so you still won't admit your hyperbole in stating the industry was at a virtual standstill? You make these statements and you provide nothing to substantiate them... just as you're doing here. In the prior exchange I flush out actual data/stats (that you somehow can't seem to bother with) and confirm your hyperbole. Here's a thought: I'm sitting on examples of actual export data outside the U.S. and thinking... why can't MLW member Simple provide this? It may not be the export numbers you're clamoring for... but it's not "standstill", notwithstanding the over-supply and low price of oil impact on production.

.

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so you still won't admit your hyperbole in stating the industry was at a virtual standstill? You make these statements and you provide nothing to substantiate them... just as you're doing here. In the prior exchange I flush out actual data/stats (that you somehow can't seem to bother with) and confirm your hyperbole. Here's a thought: I'm sitting on examples of actual export data outside the U.S. and thinking... why can't MLW member Simple provide this? It may not be the export numbers you're clamoring for... but it's not "standstill", notwithstanding the over-supply and low price of oil impact on production.

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What would you prefer - "slowed to a crawl"? OK then.......slowed to a crawl. I find it fascinating that in light of oil projects being cancelled or suspended, investment fleeing and 60,000 people being thrown out of work - that somehow - in the face of all that.....you call it hyperbole and imply that there is some vitality to the industry? Waldo, it's one thing to be a somewhat amusing, verbose contrarian, it's quite another to be completely blind to reality.

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What would you prefer - "slowed to a crawl"? OK then.......slowed to a crawl. I find it fascinating that in light of oil projects being cancelled or suspended, investment fleeing and 60,000 people being thrown out of work - that somehow - in the face of all that.....you call it hyperbole and imply that there is some vitality to the industry? Waldo, it's one thing to be a somewhat amusing, verbose contrarian, it's quite another to be completely blind to reality.

MLW member Simple, your hyperbole is not the measure of reality! And now the strawmanStruts! I trust going forward you might actually try to substantiate your statements, yes?

.

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When gold prices drop and the cost of extraction becomes greater than world price then gold mines close. When copper prices drop and the cost of extraction becomes greater than world price then copper mines close.

At what price per barrel of oil on the world market does the tar sands operation become a loss?

It becomes a bad place to do business in a bad country to do business when that country permits the product to be extracted, but will not permit it to be transported. It is decidedly third world. It is less the price of the barrel, it is the whole package we offer, or rather the wholly unpalatable reeking pile we offer with a smile and a better haircut these days. Once the people who fill the pipeline with what they own decide it is not working for them, this little shitstorm will become a world of turd that will spread to all economic sectors that like investment.

This is the ideal time to build infrastructure, labour is available and money is cheap. When oil tuns around a bit, we will be ready. And what is the cost to taxpayers? Nothing, these projects have corporate backers. Oh sorry. we are talking about Canada, the place where governments fail to act int their own interests..... Let's move on to other places with jobs and cash. Why would anybody bother here?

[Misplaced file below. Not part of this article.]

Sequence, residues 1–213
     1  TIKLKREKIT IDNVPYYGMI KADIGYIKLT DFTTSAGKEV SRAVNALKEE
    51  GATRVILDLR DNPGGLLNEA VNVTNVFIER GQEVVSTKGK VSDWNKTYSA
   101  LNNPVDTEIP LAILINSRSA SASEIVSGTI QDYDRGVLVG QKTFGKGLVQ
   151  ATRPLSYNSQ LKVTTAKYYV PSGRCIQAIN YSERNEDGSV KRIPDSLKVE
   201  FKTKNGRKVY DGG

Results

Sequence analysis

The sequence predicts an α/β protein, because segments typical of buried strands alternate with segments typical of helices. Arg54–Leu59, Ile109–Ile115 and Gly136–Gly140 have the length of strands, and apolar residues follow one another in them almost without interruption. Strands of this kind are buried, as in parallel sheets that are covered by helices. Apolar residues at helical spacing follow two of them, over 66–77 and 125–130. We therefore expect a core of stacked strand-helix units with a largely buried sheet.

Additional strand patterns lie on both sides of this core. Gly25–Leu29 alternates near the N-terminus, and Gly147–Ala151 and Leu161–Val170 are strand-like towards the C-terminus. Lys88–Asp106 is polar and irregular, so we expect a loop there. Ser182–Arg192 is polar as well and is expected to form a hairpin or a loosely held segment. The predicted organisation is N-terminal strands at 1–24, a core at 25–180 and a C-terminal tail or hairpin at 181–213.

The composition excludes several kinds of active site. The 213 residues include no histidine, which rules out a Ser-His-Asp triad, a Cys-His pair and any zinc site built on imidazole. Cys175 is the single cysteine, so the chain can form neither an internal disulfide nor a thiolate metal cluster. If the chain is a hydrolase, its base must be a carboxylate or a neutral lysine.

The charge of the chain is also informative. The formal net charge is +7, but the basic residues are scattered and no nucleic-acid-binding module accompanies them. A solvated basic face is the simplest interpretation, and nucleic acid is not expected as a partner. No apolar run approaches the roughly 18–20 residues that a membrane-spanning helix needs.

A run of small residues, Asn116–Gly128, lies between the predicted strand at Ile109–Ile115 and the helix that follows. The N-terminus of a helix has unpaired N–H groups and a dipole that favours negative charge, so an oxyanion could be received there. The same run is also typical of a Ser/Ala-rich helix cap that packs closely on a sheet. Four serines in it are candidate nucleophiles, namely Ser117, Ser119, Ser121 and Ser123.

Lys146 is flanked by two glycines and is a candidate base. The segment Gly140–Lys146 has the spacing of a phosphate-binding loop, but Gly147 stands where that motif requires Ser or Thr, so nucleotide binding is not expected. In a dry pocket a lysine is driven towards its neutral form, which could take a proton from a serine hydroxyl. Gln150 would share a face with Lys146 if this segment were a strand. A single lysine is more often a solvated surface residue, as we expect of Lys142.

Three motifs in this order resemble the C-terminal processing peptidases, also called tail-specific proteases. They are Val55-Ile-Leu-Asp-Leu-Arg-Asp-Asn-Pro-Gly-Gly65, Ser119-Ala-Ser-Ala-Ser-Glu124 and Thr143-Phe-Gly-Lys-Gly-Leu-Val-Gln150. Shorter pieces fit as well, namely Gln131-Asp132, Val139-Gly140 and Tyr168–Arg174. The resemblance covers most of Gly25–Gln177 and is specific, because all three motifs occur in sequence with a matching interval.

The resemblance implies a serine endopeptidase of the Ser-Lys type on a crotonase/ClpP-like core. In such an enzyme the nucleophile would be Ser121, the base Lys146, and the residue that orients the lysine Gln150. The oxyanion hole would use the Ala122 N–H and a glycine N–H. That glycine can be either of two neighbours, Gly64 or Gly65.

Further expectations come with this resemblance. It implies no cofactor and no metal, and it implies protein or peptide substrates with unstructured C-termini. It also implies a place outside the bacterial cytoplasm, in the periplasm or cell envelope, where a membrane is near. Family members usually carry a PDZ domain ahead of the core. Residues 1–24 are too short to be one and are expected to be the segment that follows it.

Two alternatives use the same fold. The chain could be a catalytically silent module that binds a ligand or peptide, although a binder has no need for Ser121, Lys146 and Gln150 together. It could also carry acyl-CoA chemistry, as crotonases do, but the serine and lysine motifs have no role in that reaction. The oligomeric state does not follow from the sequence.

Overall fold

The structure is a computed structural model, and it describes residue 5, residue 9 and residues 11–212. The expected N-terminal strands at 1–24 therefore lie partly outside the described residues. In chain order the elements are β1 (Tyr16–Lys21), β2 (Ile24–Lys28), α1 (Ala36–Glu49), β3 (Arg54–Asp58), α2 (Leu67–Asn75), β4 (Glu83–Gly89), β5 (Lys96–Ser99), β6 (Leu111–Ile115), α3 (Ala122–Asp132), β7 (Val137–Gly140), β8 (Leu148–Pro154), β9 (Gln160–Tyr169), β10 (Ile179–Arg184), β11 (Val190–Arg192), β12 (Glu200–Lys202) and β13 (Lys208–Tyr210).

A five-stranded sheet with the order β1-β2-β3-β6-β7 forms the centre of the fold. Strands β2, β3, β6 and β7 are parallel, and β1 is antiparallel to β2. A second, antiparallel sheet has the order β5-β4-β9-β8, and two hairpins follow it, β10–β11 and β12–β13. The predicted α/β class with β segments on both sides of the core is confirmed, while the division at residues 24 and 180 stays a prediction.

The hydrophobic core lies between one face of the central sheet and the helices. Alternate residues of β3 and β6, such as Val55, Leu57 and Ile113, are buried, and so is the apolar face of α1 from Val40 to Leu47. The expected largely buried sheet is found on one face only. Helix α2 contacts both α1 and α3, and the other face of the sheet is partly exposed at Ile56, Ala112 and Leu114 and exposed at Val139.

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It's worse than that....Canada's evil, dirty "tarsands" industry is going to be hit by the divestment movement too.

http://www.theglobeandmail.com/opinion/what-the-divestment-movement-could-mean-for-alberta-and-canada/article23025983/

old news... been discussed to varying extents through an assortment of prior GW/AGW/CC related MLW threads. A better input would have been to bring forward representations of just how far companies, institutions, etc., (and fund manager's) have actually embraced the initiative/action. Lot's of info/data out there.

.

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Unless you've changed your tune on just about everything, you seem to know absolutely nothing about how a refinery works. Petroleum Gas, regular gasoline, Naptha, Kerosene, Diesel, Lubricating Oil, Fuel Oil and a myriad of residual products are produced at refineries - and they all have to be delivered to the markets that they service - by pipeline, rail, truck or water. Here's a primer - let me know your thoughts on refineries after you read it:

I tend to agree with Jaycee on this subject. Alberta should be doing at the very least adding value by shipping only synthetic crude, NOT dilbit. AND, Alberta really needs to add even more value wherever they can. While it has a very strong manufacturing sector, it is almost totally aimed at the petroleum industry, so suffers when resources are hit. It should have long ago focused on diversifying its manufacturing base.

Of course, the point you make, that everything SHOULD be going out of refineries via pipeline, is lost on most people. They don't seem to realize that we as a consuming continent are going to continue to use fossil fuels for a very, very long time, and those crude feedstocks and refined products will need to be delivered one way or another. Other than vacuum distillates and residuals, they need to go into a pipeline, as they will otherwise be on road or rail at MUCH, MUCH higher risk to the public and damage to the environment. This totally idiotic opposition to pipelines on a strictly emotional and political basis risks damaging our competitiveness and reputation irreparably.

Edited by cannuck

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you asked questions related to dilbit - you received responses and proceed to strawman "dilbit as the problem". And you draw an immediate equivalency between dilbit and jet-fuel... choosing to, apparently, completely ignore all the scientific based aspects of sediment impacting upon dilbit and what that means to leaks/discharges affecting freshwater/ocean ecosystems. Unless you're drawing an equivalency between oil sheen on surface water and dilbit sitting on a river/ocean bottom. Now, dilbit is 'a' problem/concern to certain people/agencies/organizations/etc..; one you can choose to narrowly elevate to 'the' problem/concern.